In describing the process of writing this book to my nonacademic
friends, I liken it to the craft of candle dipping. Just as a candle gains its
shape through the process of repeatedly dipping the wick in hot wax, so
these chapters came into being through a long process of research and
writing, conversations in and out of the classroom, travel, and help from
other scholars.
I am grateful to all those who generously added the hues of their own
thinking to this project. Susan Gillman has been the best possible men-
tor and an invariably stimulating intellectual interlocutor. Norma Klahn
shared her comprehensive knowledge of Latin American history and litera-
ture. José Saldívar’s impassioned teaching and writing have inspired my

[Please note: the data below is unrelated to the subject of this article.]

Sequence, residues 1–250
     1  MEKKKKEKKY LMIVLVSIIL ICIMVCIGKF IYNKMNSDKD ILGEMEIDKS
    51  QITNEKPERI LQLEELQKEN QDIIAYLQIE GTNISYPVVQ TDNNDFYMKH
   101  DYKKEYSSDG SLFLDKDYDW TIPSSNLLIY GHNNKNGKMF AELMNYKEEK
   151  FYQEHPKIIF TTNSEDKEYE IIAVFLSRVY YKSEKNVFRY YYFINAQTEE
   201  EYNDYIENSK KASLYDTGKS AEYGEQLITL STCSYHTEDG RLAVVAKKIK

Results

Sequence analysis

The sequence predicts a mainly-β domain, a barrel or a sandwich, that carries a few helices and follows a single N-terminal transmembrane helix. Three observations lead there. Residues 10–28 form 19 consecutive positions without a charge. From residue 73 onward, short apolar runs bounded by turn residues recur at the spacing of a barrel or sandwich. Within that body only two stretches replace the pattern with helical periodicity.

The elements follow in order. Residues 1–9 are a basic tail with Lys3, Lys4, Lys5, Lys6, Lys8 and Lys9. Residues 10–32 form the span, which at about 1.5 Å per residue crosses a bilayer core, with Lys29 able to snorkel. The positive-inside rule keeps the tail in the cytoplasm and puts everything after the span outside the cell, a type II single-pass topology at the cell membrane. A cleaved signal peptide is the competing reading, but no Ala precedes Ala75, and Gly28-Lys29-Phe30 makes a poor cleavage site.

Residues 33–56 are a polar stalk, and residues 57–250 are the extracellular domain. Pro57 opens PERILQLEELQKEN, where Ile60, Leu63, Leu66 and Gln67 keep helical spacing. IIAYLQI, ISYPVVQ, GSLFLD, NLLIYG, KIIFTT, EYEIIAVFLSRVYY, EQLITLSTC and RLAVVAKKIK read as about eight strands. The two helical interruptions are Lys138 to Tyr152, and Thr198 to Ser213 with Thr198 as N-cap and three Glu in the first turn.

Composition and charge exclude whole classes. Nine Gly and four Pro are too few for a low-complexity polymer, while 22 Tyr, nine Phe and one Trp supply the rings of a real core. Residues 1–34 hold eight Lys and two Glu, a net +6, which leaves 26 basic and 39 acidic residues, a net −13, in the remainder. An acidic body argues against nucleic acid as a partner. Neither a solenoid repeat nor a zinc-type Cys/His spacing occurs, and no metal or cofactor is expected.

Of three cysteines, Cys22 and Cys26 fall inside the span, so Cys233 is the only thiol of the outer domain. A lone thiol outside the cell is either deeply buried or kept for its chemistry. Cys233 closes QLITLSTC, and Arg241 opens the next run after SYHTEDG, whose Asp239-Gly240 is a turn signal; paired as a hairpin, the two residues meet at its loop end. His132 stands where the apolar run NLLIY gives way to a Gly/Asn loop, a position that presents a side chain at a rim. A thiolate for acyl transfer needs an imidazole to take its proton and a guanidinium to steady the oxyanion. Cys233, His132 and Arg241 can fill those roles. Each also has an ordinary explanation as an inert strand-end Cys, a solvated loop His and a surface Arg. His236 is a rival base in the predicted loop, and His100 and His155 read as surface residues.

hemispheric approach to cultural production. I am extremely grateful to
George Lipsitz for his comments on an earlier draft of this book—they
provided an invaluable compass to me through the final revisions; to Beth
Freeman for meeting with me at an early stage in the publication process;
and to Robert Gross—who came to my aid at a crucial moment—for his
suggestions for revision. For their comments on chapters or parts of chap-
ters, many thanks go to Chris Breu, Johnnella Butler, John González, Gwen
Kirkpatrick, Vibeke Laroi, Francine Masiello, Julio Ramos, Roger Rouse,
Roz Spa√ord, and the late Gene Ulansky and to my graduate school bud-
dies Stuart Christie and Chris Shinn. Cathy Rigsby, the executive editor of
American Literature, and the anonymous readers for the journal provided
suggestions for editing and revising an earlier version of chapter 1 that was
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